The NRP’s income after deduction of tax, national insurance and pension contributions is £350 per week. He has two qualifying children living with his former wife, the PWC. The Maintenance Assessment for his two qualifying children will be £75 per week.
If the same NRP has one child in his new family then his net income is reduced by 15% from £345 to £297.50 and accordingly the Maintenance Assessment becomes £59.50.
If the same NRP sees the qualifying children from his first marriage on 80 nights per annum then that Maintenance Assessment will be reduced by one-seventh to £51.
A new system of Variations replaces the Departures system
The NRP may apply for a variation from the normal Maintenance Calculation on the grounds of:
- The high costs of exercising contact.
- Acceptance of debts which were incurred while living with the PWC.
- Payment of boarding element for school fees for qualifying children.
- Property or capital settlements with the PWC.
- Long term illness/disability of child living with the NRP.
- Mortgage payments made for property in which the NRP has no Propriety interest, such as the former matrimonial home.
The Variations system will to some extent be subjective and the level of diminution in Child Support Maintenance will be subject to some discussion between the NRP and the Agency. The provision for payment of the mortgage of the former matrimonial home will be very useful for both parties in negotiating settlements since the parties may be able to avoid the sale of the matrimonial home (in the interests of the children’s stability for example) by entering into a registered Minute of Agreement that the NRP will make standard security payments for a set period of time. It is of course possible under the old system for the parties to enter into such an agreement but the NRP will now be able to do it more confidently in the expectation that these standard security payments will be taken into account in his monthly Child Support Maintenance Assessment.
The PWC may apply to increase the level of Child Support Maintenance if she can convince the Agency that the NRP has unreasonably reduced his income by refusing to work overtime which was normally worked in the past and which was still available. If the NRP has assets exceeding the prescribed limit (not yet defined) then she may also seek a variation. It is probable that the most keenly contested cases will involve the PWC claiming that the NRP has a lifestyle inconsistent with the apparently declared income. The Agency may then take a view on the level of income which they will assume in the calculation of Maintenance Assessment.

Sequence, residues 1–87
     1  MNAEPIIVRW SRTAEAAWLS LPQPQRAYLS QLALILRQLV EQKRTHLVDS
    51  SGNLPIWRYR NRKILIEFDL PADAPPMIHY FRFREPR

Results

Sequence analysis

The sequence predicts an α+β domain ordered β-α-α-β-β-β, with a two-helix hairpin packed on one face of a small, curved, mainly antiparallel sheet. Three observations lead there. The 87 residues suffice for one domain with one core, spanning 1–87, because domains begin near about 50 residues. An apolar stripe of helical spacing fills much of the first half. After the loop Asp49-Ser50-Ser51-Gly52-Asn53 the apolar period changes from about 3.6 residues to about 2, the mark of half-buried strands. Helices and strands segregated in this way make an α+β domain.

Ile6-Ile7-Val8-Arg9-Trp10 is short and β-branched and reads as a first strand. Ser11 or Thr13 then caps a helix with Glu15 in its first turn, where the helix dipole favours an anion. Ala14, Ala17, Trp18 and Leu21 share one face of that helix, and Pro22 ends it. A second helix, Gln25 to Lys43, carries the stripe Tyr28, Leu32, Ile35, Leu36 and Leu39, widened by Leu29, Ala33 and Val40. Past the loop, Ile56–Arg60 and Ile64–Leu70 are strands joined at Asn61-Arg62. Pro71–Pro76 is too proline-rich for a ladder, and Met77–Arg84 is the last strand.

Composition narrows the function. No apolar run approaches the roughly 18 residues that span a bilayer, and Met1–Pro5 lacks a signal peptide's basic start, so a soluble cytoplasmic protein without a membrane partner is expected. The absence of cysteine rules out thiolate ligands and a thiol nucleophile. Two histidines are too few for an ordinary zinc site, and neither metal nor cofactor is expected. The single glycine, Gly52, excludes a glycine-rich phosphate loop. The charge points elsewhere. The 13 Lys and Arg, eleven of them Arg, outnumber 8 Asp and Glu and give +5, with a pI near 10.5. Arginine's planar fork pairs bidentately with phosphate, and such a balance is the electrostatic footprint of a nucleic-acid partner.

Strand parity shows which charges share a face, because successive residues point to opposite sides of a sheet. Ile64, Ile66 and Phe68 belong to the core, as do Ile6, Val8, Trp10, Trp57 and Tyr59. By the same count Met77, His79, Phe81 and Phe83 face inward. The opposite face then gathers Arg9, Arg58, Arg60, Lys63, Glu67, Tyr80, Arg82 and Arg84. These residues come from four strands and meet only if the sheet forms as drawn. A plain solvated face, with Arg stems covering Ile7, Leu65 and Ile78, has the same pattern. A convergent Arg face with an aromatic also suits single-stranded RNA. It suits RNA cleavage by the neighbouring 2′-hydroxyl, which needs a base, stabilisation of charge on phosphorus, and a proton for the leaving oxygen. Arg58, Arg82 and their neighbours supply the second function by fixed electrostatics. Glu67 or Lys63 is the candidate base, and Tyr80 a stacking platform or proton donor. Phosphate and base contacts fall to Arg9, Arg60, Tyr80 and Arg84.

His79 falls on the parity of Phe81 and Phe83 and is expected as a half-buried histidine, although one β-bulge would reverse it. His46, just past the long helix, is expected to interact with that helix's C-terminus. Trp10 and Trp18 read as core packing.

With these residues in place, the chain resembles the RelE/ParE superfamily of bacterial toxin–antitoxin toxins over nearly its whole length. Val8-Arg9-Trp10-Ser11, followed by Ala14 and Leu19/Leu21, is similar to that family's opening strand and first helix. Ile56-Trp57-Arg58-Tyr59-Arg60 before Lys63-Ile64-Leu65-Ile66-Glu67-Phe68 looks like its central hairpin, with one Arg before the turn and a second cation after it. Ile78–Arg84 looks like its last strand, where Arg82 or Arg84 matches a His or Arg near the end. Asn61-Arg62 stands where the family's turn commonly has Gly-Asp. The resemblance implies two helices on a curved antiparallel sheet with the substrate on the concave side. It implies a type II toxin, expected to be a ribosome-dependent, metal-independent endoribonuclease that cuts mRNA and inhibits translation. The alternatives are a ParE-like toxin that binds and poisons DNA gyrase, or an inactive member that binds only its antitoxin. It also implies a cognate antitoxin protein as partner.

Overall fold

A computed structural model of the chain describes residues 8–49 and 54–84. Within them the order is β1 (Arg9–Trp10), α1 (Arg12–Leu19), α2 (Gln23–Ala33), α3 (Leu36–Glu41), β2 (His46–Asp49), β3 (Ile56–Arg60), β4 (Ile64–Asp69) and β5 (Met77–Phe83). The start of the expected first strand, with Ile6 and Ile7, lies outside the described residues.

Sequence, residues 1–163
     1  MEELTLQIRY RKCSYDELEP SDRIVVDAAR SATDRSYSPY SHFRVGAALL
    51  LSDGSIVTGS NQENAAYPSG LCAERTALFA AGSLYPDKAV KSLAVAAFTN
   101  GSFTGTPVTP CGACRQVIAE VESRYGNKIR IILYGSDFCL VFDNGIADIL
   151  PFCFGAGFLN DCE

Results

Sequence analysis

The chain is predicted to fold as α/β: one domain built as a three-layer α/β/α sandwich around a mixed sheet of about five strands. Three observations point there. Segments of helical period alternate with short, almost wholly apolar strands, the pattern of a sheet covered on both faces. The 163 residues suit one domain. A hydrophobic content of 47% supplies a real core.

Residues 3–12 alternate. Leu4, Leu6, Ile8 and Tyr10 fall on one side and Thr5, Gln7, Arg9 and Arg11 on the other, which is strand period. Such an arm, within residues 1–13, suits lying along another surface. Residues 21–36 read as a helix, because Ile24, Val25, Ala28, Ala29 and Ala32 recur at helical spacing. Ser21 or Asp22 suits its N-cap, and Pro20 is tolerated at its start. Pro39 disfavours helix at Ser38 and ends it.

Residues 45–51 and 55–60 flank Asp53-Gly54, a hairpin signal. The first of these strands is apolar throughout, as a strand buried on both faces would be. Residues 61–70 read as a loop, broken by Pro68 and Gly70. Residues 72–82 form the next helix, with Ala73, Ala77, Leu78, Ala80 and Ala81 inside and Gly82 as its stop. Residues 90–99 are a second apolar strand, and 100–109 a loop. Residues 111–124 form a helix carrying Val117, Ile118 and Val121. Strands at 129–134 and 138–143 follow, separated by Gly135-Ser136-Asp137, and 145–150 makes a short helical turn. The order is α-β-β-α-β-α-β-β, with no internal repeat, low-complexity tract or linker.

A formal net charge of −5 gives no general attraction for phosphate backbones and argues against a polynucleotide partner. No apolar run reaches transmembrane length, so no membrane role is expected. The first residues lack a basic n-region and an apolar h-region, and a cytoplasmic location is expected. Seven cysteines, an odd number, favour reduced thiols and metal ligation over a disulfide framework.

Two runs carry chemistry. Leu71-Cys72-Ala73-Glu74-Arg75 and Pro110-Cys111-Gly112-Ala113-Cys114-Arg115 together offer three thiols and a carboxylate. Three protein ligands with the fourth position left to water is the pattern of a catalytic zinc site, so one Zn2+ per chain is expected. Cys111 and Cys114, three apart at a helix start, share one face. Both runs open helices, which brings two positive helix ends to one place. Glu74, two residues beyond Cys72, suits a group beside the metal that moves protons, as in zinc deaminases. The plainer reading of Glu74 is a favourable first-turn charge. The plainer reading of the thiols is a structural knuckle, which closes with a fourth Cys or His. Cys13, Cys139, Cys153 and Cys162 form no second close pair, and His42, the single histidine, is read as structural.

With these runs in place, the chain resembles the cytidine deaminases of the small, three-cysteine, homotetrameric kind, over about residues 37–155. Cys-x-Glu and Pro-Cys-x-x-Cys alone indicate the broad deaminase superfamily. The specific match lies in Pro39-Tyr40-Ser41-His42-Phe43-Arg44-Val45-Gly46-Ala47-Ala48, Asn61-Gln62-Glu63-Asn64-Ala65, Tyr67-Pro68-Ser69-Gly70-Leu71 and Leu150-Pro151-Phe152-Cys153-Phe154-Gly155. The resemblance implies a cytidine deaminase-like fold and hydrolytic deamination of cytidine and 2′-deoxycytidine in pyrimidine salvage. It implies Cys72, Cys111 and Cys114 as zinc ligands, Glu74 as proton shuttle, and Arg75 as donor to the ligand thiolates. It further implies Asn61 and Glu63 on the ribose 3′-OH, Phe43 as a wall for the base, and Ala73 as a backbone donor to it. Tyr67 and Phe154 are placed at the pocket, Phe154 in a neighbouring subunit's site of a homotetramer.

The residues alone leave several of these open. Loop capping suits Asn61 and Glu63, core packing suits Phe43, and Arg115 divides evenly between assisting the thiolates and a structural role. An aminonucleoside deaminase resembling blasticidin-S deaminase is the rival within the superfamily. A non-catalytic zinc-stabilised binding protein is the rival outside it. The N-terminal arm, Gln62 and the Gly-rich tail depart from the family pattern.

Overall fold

This is the one area in which the financial position of the NRP’s new partner is relevant. The NRP in our example can claim that his high lifestyle is entirely funded by his rich new girlfriend. If he can show that this is the case then that will be a complete defence to the PWC’s application for variation.
Incentive for Income Support Claimants
Under the present system a mother in receipt of Income Support will make no gain whatsoever by a calculation of Child Support Maintenance to be paid by her former partner. This has usually resulted in such PWCs being very unenthusiastic throughout the recovery of Child Support Maintenance and has made matters more difficult for the Agency. The Agency does of course have the sanction of a Reduced Benefit Direction if the PWC fails to co-operate but this stick is not nearly so useful as the proposed carrot.
After April a PWC on Income Support or Income Based Job Seeker’s Allowance will keep the first £10 of maintenance collected each week from the NRP without affecting her benefit.
Although the new system will not become operational for new cases until April, there has been a raft of changes since the beginning of 2001 all of which are already available to the Agency and its officers although little used. The most spectacular of these is that if any party persistently refuses to co-operate with the Agency in its calculation the Agency will be able to apply to the Sheriff for the removal of that party’s driving licence. I am not aware of this ever yet having been used. It does occur to me that the power will be most useful in a case when an NRP may be self-employed. However, very few self-employed people are able to earn significant sums without a driving licence and it may be that the removal of the driving licence would be a Pyrrhic victory for the Agency and the PWC.
The NRP on Low Earnings or Benefits
The normal maintenance calculation will apply to NRPs who earn in excess of £200 per week net. An NRP who receives Income Support or Income Based Job Seeker’s Allowance will pay £5 per week. If the PWC is also in receipt of Income Support or Income Based Job Seeker’s Allowance then the money will be paid to her without reduction of her benefit income.
If the NRP earns less than £100 per week net then, similarly, he will pay a flat £3 per week.
If his income is between £100 and £200 per week net he will pay Child Support Maintenance on a sliding scale.